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Our Take On Growth In Craft Beer

From The Iron Horse Brewery Blog

Our Take On Growth In Craft Beer


A recent article in the Washington Post asks whether the craft beer industry has peaked. The article references a report by the Brewers Association, which showed craft brewers saw a 5 percent rise in production volume in 2017, but also cited more brewery closures than in previous years.

Another statement said, “The total beer market went down 1 percent by volume in 2017, a decrease in about 2.4 million barrels from the previous year.”

Is the craft beer industry’s buzz wearing off? Are beer sales slowing due to a crowded playing field or is it competition with wine and spirits?

We were curious what our people were noticing in the market so we turned to our sales team to ask their thoughts on growth. You can read the original article here.


Our thoughts on the article:

One point in the article was brought up by a consultant was the effect of a small number of breweries putting out infected/sub par beer.  I used to share the concern about one bad apple harming craft, but I don’t feel that way anymore, and this is a good thing. Now that the nation’s craft brewers have moved the conversation past whether or not craft is valid (seriously, this used to be a thing when we started), the risk of a new drinker trying an infected beer and swearing off craft for good has lowered considerably in my opinion.  To take the consultant’s example to the next step, here’s an example. You have a crate of Fuji apples. Someone roots around and finds a rotten one. Instead of throwing out the box, the consumer merely tosses that apple in the compost bin and gets another apple. He doesn’t swear off apples and stick to oranges. With the vast majority of craft breweries producing clean beer, the debate is now over whether or not a consumer prefers that iteration of a style instead of craft beer as a whole.”  — Ross


Do you think craft beer has peaked? 

“No, I don’t.  Overall growth has stagnated in the last couple of years, but I think this has more to do with the big breweries upping their game in response to years of being taken to the woodshed by craft.  I also think that in terms of new innovations with styles craft beer is far from peaking. One example is that IPA’s continue to morph as the most popular style receives a ton of attention and thus innovation of flavors, appearance and aroma.” — Ross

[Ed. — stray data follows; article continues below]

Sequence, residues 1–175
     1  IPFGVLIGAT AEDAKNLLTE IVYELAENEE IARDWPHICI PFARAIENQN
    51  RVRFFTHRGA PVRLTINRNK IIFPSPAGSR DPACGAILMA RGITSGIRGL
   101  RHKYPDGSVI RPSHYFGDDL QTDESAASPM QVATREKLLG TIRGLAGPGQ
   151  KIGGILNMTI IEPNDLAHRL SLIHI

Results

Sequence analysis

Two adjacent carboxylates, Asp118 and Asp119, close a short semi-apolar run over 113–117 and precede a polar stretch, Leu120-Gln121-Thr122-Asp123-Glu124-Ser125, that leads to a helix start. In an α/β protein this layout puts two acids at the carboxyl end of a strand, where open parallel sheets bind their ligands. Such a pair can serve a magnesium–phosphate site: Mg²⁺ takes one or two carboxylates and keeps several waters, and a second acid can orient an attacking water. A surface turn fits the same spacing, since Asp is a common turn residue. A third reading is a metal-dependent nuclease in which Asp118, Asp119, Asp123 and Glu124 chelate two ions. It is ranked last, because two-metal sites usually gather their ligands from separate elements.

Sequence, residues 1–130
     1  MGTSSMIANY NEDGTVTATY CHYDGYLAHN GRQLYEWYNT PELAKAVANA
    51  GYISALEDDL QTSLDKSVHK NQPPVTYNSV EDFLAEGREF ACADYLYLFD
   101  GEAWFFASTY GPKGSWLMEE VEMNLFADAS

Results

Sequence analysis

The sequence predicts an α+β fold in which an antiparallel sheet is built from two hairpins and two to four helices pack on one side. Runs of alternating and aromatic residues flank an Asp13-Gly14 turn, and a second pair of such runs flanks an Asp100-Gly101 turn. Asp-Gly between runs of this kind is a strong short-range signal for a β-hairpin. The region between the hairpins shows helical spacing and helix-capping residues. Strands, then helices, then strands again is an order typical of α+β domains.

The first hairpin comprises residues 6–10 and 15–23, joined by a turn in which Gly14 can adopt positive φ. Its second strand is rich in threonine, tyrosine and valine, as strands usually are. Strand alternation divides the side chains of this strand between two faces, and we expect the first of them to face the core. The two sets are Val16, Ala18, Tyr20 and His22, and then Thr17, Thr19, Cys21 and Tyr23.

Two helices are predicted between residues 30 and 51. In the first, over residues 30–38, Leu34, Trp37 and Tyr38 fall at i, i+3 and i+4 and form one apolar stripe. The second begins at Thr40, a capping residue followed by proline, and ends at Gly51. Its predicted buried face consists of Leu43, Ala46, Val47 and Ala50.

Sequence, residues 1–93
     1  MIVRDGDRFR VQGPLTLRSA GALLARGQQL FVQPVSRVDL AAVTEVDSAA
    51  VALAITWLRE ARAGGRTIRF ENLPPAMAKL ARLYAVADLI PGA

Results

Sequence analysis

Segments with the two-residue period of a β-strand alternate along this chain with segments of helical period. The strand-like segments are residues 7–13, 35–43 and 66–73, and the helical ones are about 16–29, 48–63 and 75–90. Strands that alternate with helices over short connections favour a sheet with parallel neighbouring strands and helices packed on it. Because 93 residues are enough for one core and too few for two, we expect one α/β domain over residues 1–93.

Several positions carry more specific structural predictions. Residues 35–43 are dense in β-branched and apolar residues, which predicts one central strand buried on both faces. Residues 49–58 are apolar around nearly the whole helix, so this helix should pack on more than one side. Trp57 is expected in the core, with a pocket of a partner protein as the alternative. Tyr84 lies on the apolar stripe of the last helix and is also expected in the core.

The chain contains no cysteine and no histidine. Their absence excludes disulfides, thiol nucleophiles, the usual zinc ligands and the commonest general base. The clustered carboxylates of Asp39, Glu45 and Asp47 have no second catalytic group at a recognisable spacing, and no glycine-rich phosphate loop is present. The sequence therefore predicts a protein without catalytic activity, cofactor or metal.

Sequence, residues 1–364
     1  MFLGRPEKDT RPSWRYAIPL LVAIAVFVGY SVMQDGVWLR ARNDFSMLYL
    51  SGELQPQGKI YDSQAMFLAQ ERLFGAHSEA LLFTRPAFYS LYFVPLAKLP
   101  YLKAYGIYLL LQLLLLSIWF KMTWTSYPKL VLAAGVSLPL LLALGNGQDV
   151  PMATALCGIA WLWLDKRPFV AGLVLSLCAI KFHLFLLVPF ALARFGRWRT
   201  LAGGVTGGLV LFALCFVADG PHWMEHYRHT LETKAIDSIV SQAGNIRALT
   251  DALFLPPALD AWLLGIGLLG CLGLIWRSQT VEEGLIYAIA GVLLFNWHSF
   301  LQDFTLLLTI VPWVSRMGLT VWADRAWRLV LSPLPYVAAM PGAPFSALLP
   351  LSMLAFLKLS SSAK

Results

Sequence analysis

“I really don’t think that it’s peaked but I think it would be negligent to think that the industry hasn’t become a little saturated and started to show some fatigue. The issue I have with the industry is that as a new brewery opens, immediately they go to market with an IPA. I certainly see why (IPA = 32% of the category) but to think everyone that opens is going to have great success with that IPA and find magic in a bottle is unrealistic. I think that’s where we’re seeing the open and close ratios. Success in this market will be with a continued effort of cutting away at the macro and import market share, through a more drinkable style and a refined story. Local can win but only with a product that appeals to the masses…that would be in concert with the business plan of uniqueness and generalized craft styles. How many new lager, kolsch, blonde, easy drinking craft beers are we seeing in 2018?” — Dane


How does this play into the way we handle sales?

“I think the crowding of the market has given us even more motivation to continue to refine not only the way we go to market, but also which new beers we focus on.  Hop forward offerings continue to take the lion’s share of tap handles and shelf space so bringing new beers to the market with that in mind has taken on a higher importance.  Refining our processes and focus was something we have strived for before the market got extremely crowded, what’s changed is that the stakes have been raised since there are so many delicious options out there.” — Ross


How does the crowded playing field affect IHB?

“IHB is in a unique position simply because of our flagship brand, its style and the lack of competition we have in that segment. Irish Death doesn’t sell as much as the top tier IPA’s but it is in the top 10 of craft packages for the state of WA. Having this kind brand equity in the market, allows for us to experiment with other styles and get our small wins…and not run the risk of having to win all the time in the more competitive styles.” — Dane


Is it worrisome that the total beer market went down 1 percent by volume in 2017?

“When you see that the total beer market is down 1% by volume, immediately you have to look at the national brand influence of those declines. What percentage of the losses are in the top 10 brands? We still have a lot of success to celebrate in craft beer for the mid-tier regional brands. The bigger conversation needs to be where are the top 10 brands losing that market share? Still in craft…or are we losing to spirits and wine? If the category is losing share to outside the category, we need to understand why and how we get those occasions back. (hint: look at the hard sparkling water, direct correlation to health conscious consumers and spirits drinkers).” — Dane


What do you think? Has the craft beer industry peaked?



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